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Use of IPad in Education Sector

Description

Using iPad in Education

Introduction

The iPad is a revolutionary electronic device introduced into the market as a post personal computer device in early 2010 by Apple Inc. it quickly grew in popularity as a premium consumer device and though it was not meant to be an enterprise device it was well embraced in the corporate world as well as in schools. A year later the iPad 2 was introduced with more innovative features such as twin web cameras and a very fast processor (Murray & Sloan, 2008). This has been propelled by the need to ensure that the latest technological advances are suitably utilized in education.

In Australia, the iPad has been extensively used in assessing the positive effects of using modern electronic devices and services towards the evolution of education in the 21st Century. The iPad has actually become the next best device in the education sector more so in the gathering of information and group work interactions in the classroom (Bachmair, 2007). This paper seeks to look into the ways in which the iPad has been applied to improve on the current education techniques and systems. According to teachers involved in the trials for the use of iPads in the Australian education system, an increasing level of confidence from teachers has apparently resulted in more improved student engagement and implementation guides more so towards a more in-depth understanding     

The use of iPads in classrooms has continuously upraised as being the driving force in the observed influence towards better enthusiasm toward learning experiences, student motivation as well as student motivation which has ultimately resulted in better student attendance (Hayhoe, 2012). It is important to note that iPads have been successfully used in the betterment of learning environments conducive towards the education of the hearing and visually impaired learners (Baga, 2012). As much as the use of iPads has been applauded within the education sector it is important to note that teachers have also appreciated the iPad as a very important device in the streamlining of educational material as well as being quite efficient in the integration of information and technology in the education sector.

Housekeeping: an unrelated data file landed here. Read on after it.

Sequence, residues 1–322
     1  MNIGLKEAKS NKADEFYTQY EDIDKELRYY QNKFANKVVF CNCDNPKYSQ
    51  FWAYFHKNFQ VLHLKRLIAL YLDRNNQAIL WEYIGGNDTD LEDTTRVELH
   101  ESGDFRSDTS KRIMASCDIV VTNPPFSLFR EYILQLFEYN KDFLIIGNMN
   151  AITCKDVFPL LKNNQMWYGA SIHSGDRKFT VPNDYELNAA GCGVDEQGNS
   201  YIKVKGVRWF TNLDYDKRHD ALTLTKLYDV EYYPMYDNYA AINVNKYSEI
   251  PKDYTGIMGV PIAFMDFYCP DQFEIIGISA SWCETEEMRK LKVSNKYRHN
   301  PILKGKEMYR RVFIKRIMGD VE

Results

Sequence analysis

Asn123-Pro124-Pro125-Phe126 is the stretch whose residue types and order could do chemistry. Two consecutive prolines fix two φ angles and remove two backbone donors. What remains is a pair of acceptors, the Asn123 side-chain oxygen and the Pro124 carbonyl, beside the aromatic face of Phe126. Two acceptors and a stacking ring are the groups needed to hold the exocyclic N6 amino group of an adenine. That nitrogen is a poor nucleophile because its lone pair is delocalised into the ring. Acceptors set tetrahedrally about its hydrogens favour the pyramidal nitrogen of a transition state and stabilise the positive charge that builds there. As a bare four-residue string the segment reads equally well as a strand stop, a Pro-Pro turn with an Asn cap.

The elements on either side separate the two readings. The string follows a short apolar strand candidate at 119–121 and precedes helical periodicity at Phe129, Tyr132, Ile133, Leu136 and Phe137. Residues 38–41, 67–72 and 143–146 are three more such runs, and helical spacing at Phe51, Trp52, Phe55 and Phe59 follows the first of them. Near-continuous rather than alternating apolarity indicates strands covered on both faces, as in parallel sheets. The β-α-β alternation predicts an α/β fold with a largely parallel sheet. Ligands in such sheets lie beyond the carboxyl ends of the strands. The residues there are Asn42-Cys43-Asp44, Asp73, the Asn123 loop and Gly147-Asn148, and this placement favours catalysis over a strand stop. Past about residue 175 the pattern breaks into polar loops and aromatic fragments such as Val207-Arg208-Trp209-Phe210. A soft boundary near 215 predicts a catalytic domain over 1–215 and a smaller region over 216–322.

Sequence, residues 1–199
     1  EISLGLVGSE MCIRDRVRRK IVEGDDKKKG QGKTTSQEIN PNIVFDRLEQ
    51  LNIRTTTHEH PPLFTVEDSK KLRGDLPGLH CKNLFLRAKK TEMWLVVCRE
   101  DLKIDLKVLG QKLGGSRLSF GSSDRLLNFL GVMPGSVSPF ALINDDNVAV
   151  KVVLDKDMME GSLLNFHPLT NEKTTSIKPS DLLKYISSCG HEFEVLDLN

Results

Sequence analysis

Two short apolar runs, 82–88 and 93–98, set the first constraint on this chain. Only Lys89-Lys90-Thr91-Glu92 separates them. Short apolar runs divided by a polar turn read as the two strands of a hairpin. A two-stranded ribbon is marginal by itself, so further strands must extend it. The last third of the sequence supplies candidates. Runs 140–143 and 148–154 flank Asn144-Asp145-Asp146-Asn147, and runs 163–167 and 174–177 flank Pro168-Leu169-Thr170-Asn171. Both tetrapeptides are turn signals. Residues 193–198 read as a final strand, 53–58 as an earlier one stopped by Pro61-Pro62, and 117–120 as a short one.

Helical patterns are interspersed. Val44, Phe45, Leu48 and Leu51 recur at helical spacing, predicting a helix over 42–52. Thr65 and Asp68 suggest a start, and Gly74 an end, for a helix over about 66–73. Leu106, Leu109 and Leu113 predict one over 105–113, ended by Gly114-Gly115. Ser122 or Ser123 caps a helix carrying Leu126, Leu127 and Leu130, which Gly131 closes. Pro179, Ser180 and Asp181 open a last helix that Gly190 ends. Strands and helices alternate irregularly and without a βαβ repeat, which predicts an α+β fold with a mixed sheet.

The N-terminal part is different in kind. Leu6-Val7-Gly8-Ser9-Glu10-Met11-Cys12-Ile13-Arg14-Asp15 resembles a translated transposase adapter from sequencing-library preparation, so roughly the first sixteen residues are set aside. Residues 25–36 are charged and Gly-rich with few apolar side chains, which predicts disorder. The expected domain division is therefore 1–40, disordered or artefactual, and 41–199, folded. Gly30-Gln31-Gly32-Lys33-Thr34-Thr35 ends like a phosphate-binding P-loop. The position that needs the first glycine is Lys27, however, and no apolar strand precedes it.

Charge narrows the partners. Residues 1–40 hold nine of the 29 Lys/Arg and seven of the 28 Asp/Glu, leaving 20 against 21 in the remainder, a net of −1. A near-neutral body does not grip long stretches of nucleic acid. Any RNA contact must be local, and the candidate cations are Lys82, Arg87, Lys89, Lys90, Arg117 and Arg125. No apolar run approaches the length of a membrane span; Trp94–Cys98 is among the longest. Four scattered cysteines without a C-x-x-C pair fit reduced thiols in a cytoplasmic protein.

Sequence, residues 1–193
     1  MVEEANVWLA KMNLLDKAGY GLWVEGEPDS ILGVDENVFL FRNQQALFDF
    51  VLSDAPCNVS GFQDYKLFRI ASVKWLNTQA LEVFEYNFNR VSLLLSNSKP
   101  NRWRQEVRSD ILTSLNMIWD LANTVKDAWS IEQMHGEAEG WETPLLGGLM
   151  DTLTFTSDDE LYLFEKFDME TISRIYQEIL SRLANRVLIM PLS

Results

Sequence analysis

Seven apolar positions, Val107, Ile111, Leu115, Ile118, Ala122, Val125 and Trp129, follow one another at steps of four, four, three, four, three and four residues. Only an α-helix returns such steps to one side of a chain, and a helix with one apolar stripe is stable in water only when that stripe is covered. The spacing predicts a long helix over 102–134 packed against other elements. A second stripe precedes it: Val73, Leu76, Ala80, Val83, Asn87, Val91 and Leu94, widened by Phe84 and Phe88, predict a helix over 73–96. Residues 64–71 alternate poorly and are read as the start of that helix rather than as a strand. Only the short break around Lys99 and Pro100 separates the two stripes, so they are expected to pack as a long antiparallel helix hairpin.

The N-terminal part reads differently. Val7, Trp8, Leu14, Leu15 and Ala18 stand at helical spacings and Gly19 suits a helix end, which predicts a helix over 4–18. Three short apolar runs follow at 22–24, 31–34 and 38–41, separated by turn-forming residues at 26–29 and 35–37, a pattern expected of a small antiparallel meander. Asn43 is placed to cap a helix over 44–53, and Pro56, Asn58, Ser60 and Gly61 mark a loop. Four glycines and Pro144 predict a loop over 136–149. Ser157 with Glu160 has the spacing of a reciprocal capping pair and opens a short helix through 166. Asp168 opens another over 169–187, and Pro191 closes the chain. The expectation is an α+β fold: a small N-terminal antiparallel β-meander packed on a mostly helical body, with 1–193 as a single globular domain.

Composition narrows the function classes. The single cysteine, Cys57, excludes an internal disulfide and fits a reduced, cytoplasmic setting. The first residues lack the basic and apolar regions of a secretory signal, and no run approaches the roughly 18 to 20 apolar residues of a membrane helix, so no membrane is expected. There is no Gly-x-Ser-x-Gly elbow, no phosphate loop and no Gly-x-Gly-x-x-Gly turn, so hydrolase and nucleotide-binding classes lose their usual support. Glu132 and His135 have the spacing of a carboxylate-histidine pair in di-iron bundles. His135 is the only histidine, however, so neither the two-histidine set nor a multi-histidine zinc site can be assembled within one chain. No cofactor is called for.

The iPad has been ideally packed with the sufficient combination of power dedicated to computing, visual display size as well as mobility making it appropriate tool towards the development of better learning experiences to both the students and the teacher (Gkatzidou & Pearson, 2009). The iPad has been accepted as a welcome advantage to teachers in that searching of teaching resources has brought about better navigation in classrooms as well as better navigation for learner centered learning experiences.

 The iPad is essentially marketed as  a device that promotes personal productivity and as such schools in Australia have run trials on this device with the sole aim of determining the contributions that the iPad an bring towards the betterment of both the teaching and learning experiences.  Support from parents during such trials has been commended as a shared device with the convenience of being used by multiple students as well as being used as personal device (Hart & Whallon, 2012).